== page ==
Friday, October 29, 2010

Scientists Solve Mendel's Pea Flower Color Mystery

Gregor Mendel, the 19th century Augustinian monk and scientist, heralded as the father of modern genetics, used the gene that controls pea flower color to study the inheritance of certain traits in pea plants. But researchers have been baffled about how trait transmission actually works. Enter an EU-funded team of researchers that has uncovered the mystery behind one of science's most renowned biology experiments.
 Illustration of this article
Their latest study, funded in part by the GRAIN LEGUMES ('New strategies to improve grain legumes for food and feed') project, which received nearly EUR 15 million under the 'Food quality and safety' Thematic area of the EU's Sixth Framework Programme (FP6), sheds new light on the underlying molecular genetics behind Mendel's experiment.

Led by the John Innes Centre (JIC) in the UK, the researchers compared the pea DNA (deoxyribonucleic acid) sequences to those of other well-characterised plants, identifying the genes that control flower colour in pea plants.

'This was a real collaborative effort, it would not have happened without all of these people participating, especially if Roger [Dr Roger Hellens, Science Leader of the Genomics Group at Plant & Food Research in New Zealand] had not had the enthusiasm to nail a problem that has been bugging him for years,' said Professor Noel Ellis from JIC's Department of Crop Genetics.

The purple colour of wild type pea flowers, and flowers of many other plants, is a result of the accumulation of pigment molecules called anthocyanins. The biochemistry of their production has been studied for many years. The study, presented in the journal PLoS ONE, describes two pea genes, known as A and A2, that regulate the production of anthocyanins.

'By comparing the pea DNA sequences to those of other well-characterised plants, such as petunia, we have determined that Mendel's gene is a transcription factor that controls the anthocyanin biosynthesis pathway,' Dr Roger Hellens explained. 'This transcription factor, when mutated, becomes inactive and anthocyanin is not produced, resulting in white flowers.'

Around 3,500 pea lines were used by the researchers in the study. The collection housed at the JIC, includes material from wild, cultivated and semi-cultivated sources, some dating back to the 19th century.

'We used information from our previous genotyping of the JIC pea germplasm collection to identify exotic lines where we would most likely find rare alleles of Mendel's gene,' Professor Ellis said. 'Finding a rare second allele was important for independent confirmation of the identity of the gene.'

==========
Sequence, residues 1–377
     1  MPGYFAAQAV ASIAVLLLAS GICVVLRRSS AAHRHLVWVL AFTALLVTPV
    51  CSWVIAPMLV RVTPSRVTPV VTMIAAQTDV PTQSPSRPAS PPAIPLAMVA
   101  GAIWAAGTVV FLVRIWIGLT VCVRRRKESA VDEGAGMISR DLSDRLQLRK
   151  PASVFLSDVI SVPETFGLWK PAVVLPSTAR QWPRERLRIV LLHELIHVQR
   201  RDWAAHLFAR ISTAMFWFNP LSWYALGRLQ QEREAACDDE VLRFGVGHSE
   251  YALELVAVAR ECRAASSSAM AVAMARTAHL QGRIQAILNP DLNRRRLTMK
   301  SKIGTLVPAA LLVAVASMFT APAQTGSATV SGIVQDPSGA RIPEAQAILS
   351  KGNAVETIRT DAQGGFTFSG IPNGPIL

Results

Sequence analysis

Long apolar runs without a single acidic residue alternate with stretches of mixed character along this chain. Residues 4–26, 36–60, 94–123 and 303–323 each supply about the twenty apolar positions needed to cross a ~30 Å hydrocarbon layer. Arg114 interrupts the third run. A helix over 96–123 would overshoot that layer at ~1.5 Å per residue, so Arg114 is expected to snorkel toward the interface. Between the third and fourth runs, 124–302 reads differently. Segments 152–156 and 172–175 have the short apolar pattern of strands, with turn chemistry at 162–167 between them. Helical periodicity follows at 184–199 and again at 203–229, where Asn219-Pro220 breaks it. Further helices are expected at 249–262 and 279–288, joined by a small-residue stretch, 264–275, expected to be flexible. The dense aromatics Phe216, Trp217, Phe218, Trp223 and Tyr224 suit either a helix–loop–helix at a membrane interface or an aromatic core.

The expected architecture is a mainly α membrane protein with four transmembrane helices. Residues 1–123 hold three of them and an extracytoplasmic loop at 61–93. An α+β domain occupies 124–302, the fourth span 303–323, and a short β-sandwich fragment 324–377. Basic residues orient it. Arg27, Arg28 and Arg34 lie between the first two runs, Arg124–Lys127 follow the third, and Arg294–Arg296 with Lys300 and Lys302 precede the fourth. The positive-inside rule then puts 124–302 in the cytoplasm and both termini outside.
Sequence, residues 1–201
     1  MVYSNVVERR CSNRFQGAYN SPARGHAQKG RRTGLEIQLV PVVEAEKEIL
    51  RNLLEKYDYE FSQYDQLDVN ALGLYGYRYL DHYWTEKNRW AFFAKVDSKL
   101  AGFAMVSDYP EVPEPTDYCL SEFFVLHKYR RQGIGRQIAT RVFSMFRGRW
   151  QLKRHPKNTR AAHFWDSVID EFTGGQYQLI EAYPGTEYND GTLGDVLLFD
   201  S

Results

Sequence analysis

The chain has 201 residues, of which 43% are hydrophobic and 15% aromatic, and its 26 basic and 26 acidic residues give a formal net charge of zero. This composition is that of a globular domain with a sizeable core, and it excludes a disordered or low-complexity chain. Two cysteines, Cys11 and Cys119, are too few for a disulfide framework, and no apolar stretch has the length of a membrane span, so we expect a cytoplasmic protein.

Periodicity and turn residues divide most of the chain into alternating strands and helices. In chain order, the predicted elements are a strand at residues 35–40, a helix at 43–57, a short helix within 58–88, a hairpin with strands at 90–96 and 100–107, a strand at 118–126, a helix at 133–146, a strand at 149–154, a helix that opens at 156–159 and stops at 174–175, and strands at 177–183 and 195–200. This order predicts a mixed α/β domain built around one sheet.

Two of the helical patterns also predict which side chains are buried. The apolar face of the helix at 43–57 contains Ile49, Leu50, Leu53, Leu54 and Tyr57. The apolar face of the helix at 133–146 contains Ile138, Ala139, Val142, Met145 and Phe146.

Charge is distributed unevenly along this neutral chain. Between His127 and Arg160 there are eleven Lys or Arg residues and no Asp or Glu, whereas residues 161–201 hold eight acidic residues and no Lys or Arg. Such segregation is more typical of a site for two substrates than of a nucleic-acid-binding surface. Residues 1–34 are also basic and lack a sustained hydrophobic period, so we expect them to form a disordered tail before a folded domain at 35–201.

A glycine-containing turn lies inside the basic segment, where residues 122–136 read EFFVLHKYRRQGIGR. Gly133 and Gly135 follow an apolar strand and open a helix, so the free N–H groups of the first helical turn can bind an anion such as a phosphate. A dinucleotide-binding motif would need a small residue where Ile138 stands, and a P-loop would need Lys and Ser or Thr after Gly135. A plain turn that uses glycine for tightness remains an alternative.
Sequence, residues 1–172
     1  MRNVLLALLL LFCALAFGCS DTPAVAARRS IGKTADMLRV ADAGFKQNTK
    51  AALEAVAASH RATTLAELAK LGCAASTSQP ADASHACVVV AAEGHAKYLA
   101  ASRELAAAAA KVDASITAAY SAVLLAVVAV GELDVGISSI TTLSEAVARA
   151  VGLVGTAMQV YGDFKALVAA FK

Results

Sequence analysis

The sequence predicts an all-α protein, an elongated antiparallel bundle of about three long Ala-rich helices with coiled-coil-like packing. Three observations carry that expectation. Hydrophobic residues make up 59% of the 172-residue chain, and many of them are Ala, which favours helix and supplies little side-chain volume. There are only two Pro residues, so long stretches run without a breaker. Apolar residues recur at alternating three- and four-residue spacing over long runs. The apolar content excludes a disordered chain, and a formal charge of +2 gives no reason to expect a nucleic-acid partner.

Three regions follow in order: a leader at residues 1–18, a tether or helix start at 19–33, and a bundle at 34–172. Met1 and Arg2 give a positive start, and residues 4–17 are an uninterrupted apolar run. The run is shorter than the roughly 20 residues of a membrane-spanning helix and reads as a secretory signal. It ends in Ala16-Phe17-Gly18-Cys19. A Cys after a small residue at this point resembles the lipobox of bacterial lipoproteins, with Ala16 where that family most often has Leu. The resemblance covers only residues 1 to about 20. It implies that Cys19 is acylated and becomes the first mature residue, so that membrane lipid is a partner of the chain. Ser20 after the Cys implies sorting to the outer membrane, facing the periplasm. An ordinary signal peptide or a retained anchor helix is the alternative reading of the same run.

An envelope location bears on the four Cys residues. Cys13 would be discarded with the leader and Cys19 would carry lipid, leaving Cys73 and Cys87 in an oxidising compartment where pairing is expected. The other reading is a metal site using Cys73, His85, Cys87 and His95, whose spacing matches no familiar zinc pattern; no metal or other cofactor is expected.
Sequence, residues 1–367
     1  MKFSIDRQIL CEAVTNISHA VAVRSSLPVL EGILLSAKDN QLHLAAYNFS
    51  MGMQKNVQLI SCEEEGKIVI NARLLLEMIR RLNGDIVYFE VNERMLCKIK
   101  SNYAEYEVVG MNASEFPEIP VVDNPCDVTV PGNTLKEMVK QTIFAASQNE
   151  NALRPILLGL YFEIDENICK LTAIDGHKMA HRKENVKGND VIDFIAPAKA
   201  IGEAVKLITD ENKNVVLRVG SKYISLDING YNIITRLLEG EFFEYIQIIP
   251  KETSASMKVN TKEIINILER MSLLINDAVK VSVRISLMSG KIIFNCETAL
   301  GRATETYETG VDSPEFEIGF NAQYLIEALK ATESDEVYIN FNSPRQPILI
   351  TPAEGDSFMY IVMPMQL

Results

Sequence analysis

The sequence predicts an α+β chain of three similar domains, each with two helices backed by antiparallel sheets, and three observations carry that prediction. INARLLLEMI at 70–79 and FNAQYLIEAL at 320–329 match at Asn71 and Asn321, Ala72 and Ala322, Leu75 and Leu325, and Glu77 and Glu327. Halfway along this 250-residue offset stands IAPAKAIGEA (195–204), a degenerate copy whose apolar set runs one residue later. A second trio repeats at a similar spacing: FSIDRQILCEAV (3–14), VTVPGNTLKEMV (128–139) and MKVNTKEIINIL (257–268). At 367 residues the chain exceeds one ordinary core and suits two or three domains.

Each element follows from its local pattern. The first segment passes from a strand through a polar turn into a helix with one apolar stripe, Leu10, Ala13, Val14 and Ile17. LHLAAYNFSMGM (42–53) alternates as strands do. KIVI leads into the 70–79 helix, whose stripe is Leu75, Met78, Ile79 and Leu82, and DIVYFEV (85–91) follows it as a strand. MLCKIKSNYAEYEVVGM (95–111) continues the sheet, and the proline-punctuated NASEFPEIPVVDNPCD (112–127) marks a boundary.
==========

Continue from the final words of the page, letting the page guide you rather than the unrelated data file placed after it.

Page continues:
He went on to say that that was 'the fourth of Mendel's seven genes to be characterised at the molecular level: it is also the second where JIC has been involved'.

So what's next for the researchers? The JIC in particular is now looking into the germplasm collection for genes and traits that could be used to make peas higher-yielding or of better quality. Peas are able to fix nitrogen from the air through symbiotic relationships with bacteria housed in nodules in their roots. This makes them less dependent on the addition of nitrogenous fertilisers which are a major economic and environmental cost associated with farming because they require high levels of energy for their production. Their use is also a major source of nitrous oxide, a potent greenhouse gas, which along with carbon dioxide and other gases, is blamed for contributing to manmade global warming.

The increased production of peas and other legumes is a good way of ensuring future food security with low environmental cost, according to the researchers.

Plant scientists from the Biotechnology and Biological Sciences Research Council (BBSRC) in the UK, New Zealand's Plant & Food Research, Unité de Recherche en Génomique Végétale (URGV) in France and the US Department of Agriculture (USDA)'s Agricultural Research Services contributed to the study.

For more information, please visit:
John Innes Centre:
Citation: Hellens, R.P., et al. (2010) Identification of Mendel's white flower character. PLoS ONE, published 11 October. DOI: 10.1371/journal.pone.0013230

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